Those thinking about filing for bankruptcy understandably have many questions about the process. These inquiries can range from how exactly their debts will be affected to questions about the procedure and players involved in their bankruptcy case. One person who plays a large part in bankruptcy proceedings, and of whom many petitioners are not aware, is the trustee appointed to the case.
A question that frequently comes up at consultations in my office is whether traffic tickets can be discharged in bankruptcy. Recently, a client presented with over $7000 of fines related to going through tolls with an invalidSunPass.
11 U.S.C. § 523(a)(7) of the bankruptcy law provides that a Chapter 7 bankruptcy does not discharge an individual from any debt that is for a fine, penalty, or forfeiture payable to and for the benefit of a governmental unit, and is not compensation for actual pecuniary loss, other than a tax penalty. Therefore, traffic tickets are clearly not dischargeable in a Chapter 7 filing.
There are, however, alternative approaches.
Under Chapter 13, certain fines are dischargeable. Where the fine is imposed as a criminal penalty, it will be non-dischargeable; however, non-criminal fines will be dischargeable. The key is determining whether the parking or traffic violations are deemed “crimes” under the state law where the offenses occurred.
In Florida, traffic offenses are divided into two categories: crimes and civil (non-criminal) infractions. Examples of criminal traffic offenses include DUI, reckless driving, leaving the scene of an accident and knowingly driving with a suspended license. Civil traffic offenses (i.e., non-criminal offenses) include speeding, running a red light or stop sign, illegal U-turns, failure to yield to emergency vehicles and non-moving violations.
In a Chapter 13 bankruptcy, non-criminal traffic fines will be paid as part of a plan that will decrease the amount of the ticket and allow for payment at levels that the debtor can afford by extending the debt over a period of three to five years.
So what can you do about non-dischargeable criminal fines or penalties? You can make payments for a portion of what you owe through a Chapter 13 Plan over a period of 3-5 years. The balance remaining at the conclusion of the Plan will not be discharged.
Chapter 13 Bankruptcy Can Keep You in your Home
Consider the following (unfortunately) common situation faced by many homeowners: their home in the current depressed real estate market is worth $150,000. They have two mortgages on the property that they obtained during the real estate boom several years ago. They have a first mortgage of $160,000 (they are a little ‘underwater’, that is, they owe a little more than the property is worth). They are not happy, but can manage the payments. The problem is the second mortgage of $100,000 that they put on the property when it was worth much more; they are not able to keep up with this mortgage and just received a notice of acceleration and imminent foreclosure from the lender.
There is a remedy for these homeowners which will allow them to keep their home- CHAPTER 13 BANKRUPTCY.
Seeing a lawyer for a bankruptcy problem is much like seeing a dentist. You try to ignore the pain as long as you can before you make an appointment. When you finally do, you wonder why you waited so long and went through months or years of unnecessary discomfort.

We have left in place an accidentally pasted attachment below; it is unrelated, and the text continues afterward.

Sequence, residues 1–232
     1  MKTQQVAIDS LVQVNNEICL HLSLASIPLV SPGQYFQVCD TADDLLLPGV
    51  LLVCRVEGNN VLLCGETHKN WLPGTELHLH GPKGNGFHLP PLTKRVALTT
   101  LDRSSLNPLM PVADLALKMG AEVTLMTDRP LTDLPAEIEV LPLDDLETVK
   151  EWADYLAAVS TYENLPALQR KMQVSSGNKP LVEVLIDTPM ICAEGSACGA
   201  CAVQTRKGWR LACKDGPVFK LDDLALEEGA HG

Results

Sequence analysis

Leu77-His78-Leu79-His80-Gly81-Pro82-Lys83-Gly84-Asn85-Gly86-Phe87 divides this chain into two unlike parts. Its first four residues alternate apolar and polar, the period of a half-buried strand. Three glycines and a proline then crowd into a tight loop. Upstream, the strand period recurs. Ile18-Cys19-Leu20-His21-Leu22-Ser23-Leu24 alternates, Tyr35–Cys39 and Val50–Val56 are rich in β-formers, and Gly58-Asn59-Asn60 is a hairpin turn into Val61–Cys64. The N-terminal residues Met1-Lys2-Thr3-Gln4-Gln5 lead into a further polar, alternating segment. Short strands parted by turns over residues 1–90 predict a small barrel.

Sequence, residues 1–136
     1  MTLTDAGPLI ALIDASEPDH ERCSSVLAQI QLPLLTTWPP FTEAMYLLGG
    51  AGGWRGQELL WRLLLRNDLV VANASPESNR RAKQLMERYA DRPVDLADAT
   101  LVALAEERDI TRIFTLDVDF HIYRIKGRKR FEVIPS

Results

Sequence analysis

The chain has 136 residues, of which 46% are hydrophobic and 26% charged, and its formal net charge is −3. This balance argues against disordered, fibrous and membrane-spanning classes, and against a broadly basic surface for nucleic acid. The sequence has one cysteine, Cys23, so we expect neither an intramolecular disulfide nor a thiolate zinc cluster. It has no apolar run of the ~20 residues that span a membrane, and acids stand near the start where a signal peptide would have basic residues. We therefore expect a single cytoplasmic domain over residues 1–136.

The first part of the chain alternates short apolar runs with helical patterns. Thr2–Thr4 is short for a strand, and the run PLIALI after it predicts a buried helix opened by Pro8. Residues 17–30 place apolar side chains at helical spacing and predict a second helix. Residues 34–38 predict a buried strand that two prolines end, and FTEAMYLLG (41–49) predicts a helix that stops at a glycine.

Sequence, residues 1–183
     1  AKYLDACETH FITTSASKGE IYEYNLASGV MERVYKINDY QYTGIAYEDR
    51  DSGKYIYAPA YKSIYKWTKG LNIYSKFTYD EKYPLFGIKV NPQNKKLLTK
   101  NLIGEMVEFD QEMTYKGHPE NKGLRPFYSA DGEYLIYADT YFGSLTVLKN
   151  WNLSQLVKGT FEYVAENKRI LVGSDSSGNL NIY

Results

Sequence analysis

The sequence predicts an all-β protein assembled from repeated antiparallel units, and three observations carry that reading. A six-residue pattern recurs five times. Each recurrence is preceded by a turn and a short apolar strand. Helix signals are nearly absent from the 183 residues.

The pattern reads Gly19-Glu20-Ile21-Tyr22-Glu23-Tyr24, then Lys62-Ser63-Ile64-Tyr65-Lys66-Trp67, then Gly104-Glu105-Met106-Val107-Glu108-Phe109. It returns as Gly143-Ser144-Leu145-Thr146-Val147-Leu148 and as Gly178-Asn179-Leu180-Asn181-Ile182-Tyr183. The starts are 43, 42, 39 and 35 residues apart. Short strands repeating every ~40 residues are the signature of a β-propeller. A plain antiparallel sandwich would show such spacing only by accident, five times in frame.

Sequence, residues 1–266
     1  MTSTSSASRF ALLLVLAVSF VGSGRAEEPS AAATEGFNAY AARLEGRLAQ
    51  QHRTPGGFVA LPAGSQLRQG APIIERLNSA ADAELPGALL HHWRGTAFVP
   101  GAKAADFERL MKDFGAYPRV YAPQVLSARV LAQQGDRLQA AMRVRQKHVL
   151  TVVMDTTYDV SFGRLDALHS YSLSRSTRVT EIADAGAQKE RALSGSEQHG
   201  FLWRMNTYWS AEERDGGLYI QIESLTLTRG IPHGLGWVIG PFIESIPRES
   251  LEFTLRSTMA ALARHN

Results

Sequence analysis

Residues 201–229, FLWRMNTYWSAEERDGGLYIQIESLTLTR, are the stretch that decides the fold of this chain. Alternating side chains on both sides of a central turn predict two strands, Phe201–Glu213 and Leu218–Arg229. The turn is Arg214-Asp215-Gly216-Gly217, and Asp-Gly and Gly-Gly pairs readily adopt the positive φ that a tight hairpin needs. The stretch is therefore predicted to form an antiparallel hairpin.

As an attorney who sees clients in Miami-Dade, Broward/Fort Lauderdale and from Key Largo to Key West, I often advise a new client that the most difficult decision they have had to make concerning their financial problem is whether to call my office. From then on, we deal with solutions, not problems.
How then, should you choose a bankruptcy lawyer?
Do not go to a bankruptcy ‘mill’
Not all loans are alike.
A tuition bill is not a student loan. As a general rule, student loans are non-dischargeable debts, which means that you will still have to pay the loan off even after filing for Chapter 7 or Chapter 13 bankruptcy. Under current law, this is true for both federal and private loans, even if it’s a private loan from for-profit lenders such as Citibank or the student loan specialist Sallie Mae. Private student loans (also called the alternative student loans, e.g., FFELP and FDSLP) are generally given to supplement federal loans (Stafford loans, Perkins loans or the PLUS loans.)
If you default on your student loan, the U.S. Department of Education can have money deducted from your federal income tax refund to collect on defaulted federal student loans (tax offset) or force your employer to withhold a portion of your pay (wage garnishment) or both.
Ordinary tuition bills have different considerations. Generally, so long as the family did not sign a promissory note (which would cause them to be considered educational loans), unpaid tuition bills and other college bills can be discharged in bankruptcy. A Florida Bankruptcy attorney should review of all documents signed in connection with the unpaid tuition bills to determine whether they are dischargeable in bankruptcy.
There are remedies.
Bankruptcy is intended to give you a fresh start- all of your credit card debt, medical bills, deficiency judgments and unsecured debt become nothing more than a bad memory. But what about your nasty tax liabilities? Will they follow you forever? This is a question my clients frequently ask.
Well, it depends.
In general, if returns were properly filed (even though the taxes were not paid) income taxes more than three years old can be discharged in bankruptcy. Pay attention: only income taxes are dischargeable; other taxes, such as payroll taxes or fraud penalties cannot be discharged. Penalties on taxes that are dischargeable are also discharged.